Whilst the UK moves towards the goal of becoming net zero by 2050, the introduction of heat pumps and the technology surrounding them has left many homeowners confused on how to achieve the most efficient means of low-running costs with misleading information potentially deterring homeowners from exploring this renewable energy source.
Dan Wilden, Renewable Product Manager at Alpha, tackles the burning questions to diffuse these myths and give homeowners the information they need to know to move towards greener energy.
Q: What variables can affect my heat pump’s performance?
With energy bills not showing signs of decreasing, a heat pump will feel like a big investment; however, the fact of the matter is that they can possibly save you money further down the line ‘if; they are specified, installed and used correctly.
Often when we see negative accounts of heat pump usage, it isn’t the heat pump itself that’s the problem; it’s usually due to the rest of the heating system not being upgraded, or the controls not being set up or explained properly. For example, a heat pump may not work at its most efficient levels if your radiators and/or pipes are outdated.
The single biggest factor that affects your heat pump performance is dependent on the system temperature that it’s been designed for. Heat pumps run at a lower temperature, meaning they need a larger volume for the energy to flow through. This means you essentially need suitably sized pipes and radiators which work with your home to get the same amount of energy into the property, but at a lower flow temperature.
However, this does not mean that you have to rip up your floorboards and change your whole pipe system for your heat pump to work. An installer can visit to assess your home and apply their expertise to work out the best option for you.
Q: What temperature should I keep my heat pump at to keep it at its most efficient working level?
A key thing to understand is that the lower the flow temperature, the higher the efficiency. We recommend keeping your heating on at a consistent low temperature, rather than switching it on and off every time you get cold. The aim is to have the flow temperature entering your home to consistently match the energy leaving your property, meaning your heat pump is working at a perfectly level equilibrium, providing you with the ideal room temperature.
You can save more energy by keeping your heating on at a lower level during the night, keeping your home fed with constant thermal energy but also not making your heat pump work at a sharp climb in the morning. It’s ideal to have a setback temperature 2-3°c below your required daytime set temperature, as this then avoids the heat pump having to use large amounts of energy to get back to the average temperature.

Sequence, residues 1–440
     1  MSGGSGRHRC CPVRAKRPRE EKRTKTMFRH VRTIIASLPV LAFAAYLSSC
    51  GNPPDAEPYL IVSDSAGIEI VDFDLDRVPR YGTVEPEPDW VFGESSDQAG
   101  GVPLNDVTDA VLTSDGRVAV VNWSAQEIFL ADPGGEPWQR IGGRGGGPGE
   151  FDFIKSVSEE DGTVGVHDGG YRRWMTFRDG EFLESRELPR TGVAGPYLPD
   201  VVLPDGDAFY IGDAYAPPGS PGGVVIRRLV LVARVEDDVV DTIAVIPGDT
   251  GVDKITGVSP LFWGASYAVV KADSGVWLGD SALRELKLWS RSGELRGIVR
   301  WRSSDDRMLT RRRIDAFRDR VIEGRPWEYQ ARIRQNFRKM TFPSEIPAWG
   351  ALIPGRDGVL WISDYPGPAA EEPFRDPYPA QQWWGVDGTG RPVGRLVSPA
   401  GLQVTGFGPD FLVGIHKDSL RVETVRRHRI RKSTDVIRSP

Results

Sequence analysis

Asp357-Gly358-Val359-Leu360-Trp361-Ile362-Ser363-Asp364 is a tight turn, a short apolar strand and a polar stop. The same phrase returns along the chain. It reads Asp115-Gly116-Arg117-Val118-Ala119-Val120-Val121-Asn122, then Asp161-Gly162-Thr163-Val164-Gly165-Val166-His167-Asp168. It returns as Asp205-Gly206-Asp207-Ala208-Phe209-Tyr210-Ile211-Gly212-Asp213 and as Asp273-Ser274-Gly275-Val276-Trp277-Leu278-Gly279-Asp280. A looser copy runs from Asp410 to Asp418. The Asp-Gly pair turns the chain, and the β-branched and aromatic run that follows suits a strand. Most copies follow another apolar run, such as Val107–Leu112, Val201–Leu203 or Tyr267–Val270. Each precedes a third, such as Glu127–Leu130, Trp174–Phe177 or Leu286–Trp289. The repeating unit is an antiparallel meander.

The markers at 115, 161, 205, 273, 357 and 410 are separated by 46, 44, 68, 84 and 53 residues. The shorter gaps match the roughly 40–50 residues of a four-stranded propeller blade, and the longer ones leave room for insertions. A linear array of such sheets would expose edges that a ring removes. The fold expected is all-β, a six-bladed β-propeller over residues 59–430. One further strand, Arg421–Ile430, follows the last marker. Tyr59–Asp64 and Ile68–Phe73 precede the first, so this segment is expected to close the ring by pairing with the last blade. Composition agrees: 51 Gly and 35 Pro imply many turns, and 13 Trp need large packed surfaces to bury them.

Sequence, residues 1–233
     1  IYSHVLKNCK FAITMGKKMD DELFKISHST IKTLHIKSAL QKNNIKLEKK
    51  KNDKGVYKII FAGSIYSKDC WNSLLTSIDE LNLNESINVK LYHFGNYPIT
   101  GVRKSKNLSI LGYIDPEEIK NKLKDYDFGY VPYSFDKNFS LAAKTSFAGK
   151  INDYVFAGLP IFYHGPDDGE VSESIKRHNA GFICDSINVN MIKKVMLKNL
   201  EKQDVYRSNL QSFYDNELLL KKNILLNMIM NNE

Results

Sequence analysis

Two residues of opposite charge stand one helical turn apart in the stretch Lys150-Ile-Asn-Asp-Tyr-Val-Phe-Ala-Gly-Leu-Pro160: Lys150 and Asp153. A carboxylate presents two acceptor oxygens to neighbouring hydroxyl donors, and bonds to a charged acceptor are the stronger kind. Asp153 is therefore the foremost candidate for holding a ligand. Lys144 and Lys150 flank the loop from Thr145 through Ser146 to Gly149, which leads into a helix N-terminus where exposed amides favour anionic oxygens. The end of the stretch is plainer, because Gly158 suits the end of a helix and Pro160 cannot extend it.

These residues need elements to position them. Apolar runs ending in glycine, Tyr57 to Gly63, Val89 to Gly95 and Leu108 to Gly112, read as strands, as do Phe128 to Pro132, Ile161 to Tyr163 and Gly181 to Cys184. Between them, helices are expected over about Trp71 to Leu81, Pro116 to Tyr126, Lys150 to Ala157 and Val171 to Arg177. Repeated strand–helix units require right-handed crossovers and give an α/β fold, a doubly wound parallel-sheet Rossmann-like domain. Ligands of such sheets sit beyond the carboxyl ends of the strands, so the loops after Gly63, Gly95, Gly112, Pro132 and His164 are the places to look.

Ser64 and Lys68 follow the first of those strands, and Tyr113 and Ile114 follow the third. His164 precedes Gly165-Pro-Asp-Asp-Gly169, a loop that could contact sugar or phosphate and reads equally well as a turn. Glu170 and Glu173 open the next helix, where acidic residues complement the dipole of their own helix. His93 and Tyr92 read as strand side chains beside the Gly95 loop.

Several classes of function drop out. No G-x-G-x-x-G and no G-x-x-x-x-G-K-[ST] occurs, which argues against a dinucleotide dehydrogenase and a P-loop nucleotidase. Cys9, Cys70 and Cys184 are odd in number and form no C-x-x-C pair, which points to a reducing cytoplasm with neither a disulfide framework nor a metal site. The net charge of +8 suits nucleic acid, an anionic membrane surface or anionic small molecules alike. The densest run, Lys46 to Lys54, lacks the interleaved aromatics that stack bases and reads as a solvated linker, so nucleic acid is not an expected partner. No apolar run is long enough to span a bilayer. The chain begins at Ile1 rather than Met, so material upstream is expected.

To help keep your flow temperature in moderation, your heat pump should be using weather compensation technology which will work to either increase or decrease the flow temperature, depending on the weather outside throughout the different seasons.
If your heat pump is programmed to stay at the same temperature all year round, the heat pump will essentially keep buffering the average output of your system to keep up with weather change.
Q: What should I think about when getting a heat pump installed?
Homeowners often assume that a heat pump will instantly give them a good efficiency level with lower bills from the moment it has been installed, whereas in fact the unit has very little impact in comparison to how it’s been specified and controlled.
The most important factor of a successful heat pump install is the design - the property needs to be surveyed in order to work out a heat loss calculation and the design flow temperature. Some properties could have poor insulation, meaning their home may not be suited to a Heat pump install as the running costs will be too high. We recommend homeowners paying to have a design completed for the property before agreeing to an installation.
By doing your research into what is most suitable for your home and whether you’ll need to upgrade your system will be your best place to start. When appointing an installer, ensure they are well-versed in heat pump technology and don’t be afraid to ask questions about how your heat pumps works and how to get the best out of it.